He called his doping regimen simple and conservative, rejecting volumes of evidence by the United States Anti-Doping Agency that the drug program on his Tour de France-winning teams was “the most sophisticated, organized and professionalized” doping scheme in the history of cycling.

He said that he was not the kingpin of the doping program on his teams, as the antidoping agency claimed, and that he was just doping the way the rest of his teammates were at the time.

He said he had doped, beginning in the mid-1990s, through 2005, the year he won his record seventh Tour. He said that he took EPO, but “not a lot,” and that he had rationalized his use of testosterone because one of his testicles had been removed during his battle against cancer. “I thought, Surely I’m running low,” he said of the banned testosterone he took to gain an edge in his performance.

At times during the interview, which will resume Friday night, Armstrong seemed genuinely humble, admitting that he was “a flawed character” and that he would spend the rest of his life trying to apologize to people and regain their trust.

“There will be people who hear this and never forgive me,” he said. “I understand that.”

But when asked about the people he had tried to crush while he tried to keep his doping secret — people like the former masseuse Emma O’Reilly or his former teammate Frankie Andreu and Andreu’s wife, Betsy — he showed little contrition. Those are some of the people who claimed he had doped and who he subsequently publicly claimed were liars. He had called O’Reilly a prostitute and an alcoholic.

In the interview, Armstrong acknowledged calling Betsy Andreu crazy. But with a suggestion of a smirk, he said he never claimed she was fat.

He said he had been a bully his whole life, before contradicting himself a minute later, saying he became a bully only after he survived cancer and resumed his cycling career.

And when he said he never failed a drug test — saying, “I passed them because there was nothing in the system” — he contradicted himself again. When Winfrey asked if his urine samples from the 1999 Tour retroactively tested positive for EPO, he said yes. When she pressed him, he admitted that he received a backdated prescription from a team doctor after he tested positive for cortisone at the 1999 Tour.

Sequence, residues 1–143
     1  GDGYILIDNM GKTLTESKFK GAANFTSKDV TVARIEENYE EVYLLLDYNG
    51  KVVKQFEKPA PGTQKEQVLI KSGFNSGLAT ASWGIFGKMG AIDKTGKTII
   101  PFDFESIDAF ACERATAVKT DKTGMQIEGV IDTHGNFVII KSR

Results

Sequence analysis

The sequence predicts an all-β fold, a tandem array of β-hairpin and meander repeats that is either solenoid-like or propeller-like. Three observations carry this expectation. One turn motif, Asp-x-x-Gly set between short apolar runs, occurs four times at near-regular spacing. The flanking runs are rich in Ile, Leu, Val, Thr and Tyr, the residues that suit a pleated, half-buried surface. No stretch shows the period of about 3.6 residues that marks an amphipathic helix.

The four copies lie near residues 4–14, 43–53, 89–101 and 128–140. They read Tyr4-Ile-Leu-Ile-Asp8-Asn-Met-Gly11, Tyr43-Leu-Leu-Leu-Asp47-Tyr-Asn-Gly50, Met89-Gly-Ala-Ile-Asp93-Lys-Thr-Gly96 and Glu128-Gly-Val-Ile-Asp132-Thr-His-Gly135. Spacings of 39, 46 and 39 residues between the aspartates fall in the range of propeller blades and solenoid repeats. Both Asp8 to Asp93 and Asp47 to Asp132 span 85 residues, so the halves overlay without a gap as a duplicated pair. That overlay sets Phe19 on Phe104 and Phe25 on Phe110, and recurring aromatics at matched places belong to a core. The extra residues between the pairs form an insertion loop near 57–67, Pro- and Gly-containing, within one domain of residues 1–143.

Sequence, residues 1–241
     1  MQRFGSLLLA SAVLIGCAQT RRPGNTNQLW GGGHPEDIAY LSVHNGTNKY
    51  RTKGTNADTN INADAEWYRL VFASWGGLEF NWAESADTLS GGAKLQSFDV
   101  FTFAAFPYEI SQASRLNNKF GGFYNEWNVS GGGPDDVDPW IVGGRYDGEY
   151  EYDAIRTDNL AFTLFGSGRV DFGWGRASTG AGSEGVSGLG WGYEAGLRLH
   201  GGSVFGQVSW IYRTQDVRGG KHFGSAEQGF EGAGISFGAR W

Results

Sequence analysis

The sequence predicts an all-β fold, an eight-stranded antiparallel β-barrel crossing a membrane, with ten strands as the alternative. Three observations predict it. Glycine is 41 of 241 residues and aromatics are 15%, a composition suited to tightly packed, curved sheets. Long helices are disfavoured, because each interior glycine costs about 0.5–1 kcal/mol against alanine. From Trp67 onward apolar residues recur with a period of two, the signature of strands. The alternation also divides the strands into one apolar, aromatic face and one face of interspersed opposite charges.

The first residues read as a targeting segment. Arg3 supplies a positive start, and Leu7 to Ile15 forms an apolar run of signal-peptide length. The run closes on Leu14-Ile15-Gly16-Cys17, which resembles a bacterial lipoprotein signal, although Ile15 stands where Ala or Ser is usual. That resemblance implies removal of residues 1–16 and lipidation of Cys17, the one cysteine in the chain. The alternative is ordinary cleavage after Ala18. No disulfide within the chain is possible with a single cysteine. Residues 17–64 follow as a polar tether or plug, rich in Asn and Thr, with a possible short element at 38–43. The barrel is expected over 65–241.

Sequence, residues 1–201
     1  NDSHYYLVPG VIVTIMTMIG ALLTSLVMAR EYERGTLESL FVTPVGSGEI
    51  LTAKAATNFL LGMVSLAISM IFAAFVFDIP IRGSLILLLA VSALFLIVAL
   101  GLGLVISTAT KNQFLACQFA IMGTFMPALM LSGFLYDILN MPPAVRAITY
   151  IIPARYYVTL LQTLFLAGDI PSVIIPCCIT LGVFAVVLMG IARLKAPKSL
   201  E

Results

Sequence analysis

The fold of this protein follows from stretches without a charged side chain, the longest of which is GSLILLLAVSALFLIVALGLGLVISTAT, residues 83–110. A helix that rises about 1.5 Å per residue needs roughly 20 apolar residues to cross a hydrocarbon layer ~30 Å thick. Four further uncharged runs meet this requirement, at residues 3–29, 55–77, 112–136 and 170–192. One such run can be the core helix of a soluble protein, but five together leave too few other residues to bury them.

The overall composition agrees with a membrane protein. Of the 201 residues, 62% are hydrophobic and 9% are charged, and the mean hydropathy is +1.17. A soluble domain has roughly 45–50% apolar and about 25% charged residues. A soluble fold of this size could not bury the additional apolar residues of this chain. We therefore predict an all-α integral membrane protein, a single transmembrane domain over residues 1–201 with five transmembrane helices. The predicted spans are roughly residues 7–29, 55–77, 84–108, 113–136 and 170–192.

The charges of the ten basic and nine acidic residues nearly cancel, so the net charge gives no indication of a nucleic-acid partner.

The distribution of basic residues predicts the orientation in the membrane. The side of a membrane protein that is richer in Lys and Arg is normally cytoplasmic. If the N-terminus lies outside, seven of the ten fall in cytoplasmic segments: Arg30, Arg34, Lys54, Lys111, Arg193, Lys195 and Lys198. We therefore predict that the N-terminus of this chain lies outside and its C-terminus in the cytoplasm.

Armstrong did not delve into the details of his doping, and Winfrey never asked. He did not explain how it was done, who helped him do it or how, exactly, he perpetuated his myth for so long. He said he was not comfortable talking about other people when asked about the infamous Italian sports doctor Michele Ferrari, his former trainer, who is now serving a lifetime ban for doping his athletes.

When Winfrey asked if he would cooperate with the United States Anti-Doping Agency in building doping cases against others in the sport, he masterfully skirted the question.

Travis Tygart, the chief executive of the antidoping agency, called Armstrong’s admission “a step in the right direction.”

But it did not really matter what Armstrong told Winfrey in the interview, at least according to Tygart and other antidoping agency officials who hold the key to Armstrong’s future as a professional athlete.

Armstrong’s reason for coming clean was not to unburden himself of the deception he fought to keep secret for so long. It was to take the first step toward mitigating the lifetime ban from Olympic sports that he received from the United States Anti-Doping Agency in the fall, according to people close to him who did not want their names published because they wanted to stay in Armstrong’s good graces.

Antidoping officials need to hear more from Armstrong than just an apology and a rough outline of his doping. They need details. And lots of them.

“Anything he says on TV would have no impact whatsoever under the rules on his lifetime suspension,” Tygart said.

Article source: http://www.nytimes.com/2013/01/18/sports/cycling/lance-armstrong-confesses-to-using-drugs-but-without-details.html?partner=rss&emc=rss

World Briefing | Africa: South Sudan: Journalist Killed

A South Sudanese online journalist was shot and killed late Wednesday outside his home in the capital, Juba, according to the Committee to Protect Journalists. The journalist, Diing Chan Awuol, who wrote for a number of online news outlets in South Sudan, had published articles critical of the government, its policy toward Sudan and its ties to Sudanese rebel groups. Other journalists said Mr. Chan “had been threatened several times in the past and had received anonymous phone calls warning him to stop writing,” the journalists’ organization said in a statement. Since South Sudan gained its independence last year, journalists have complained of harassment and some have been detained by the government.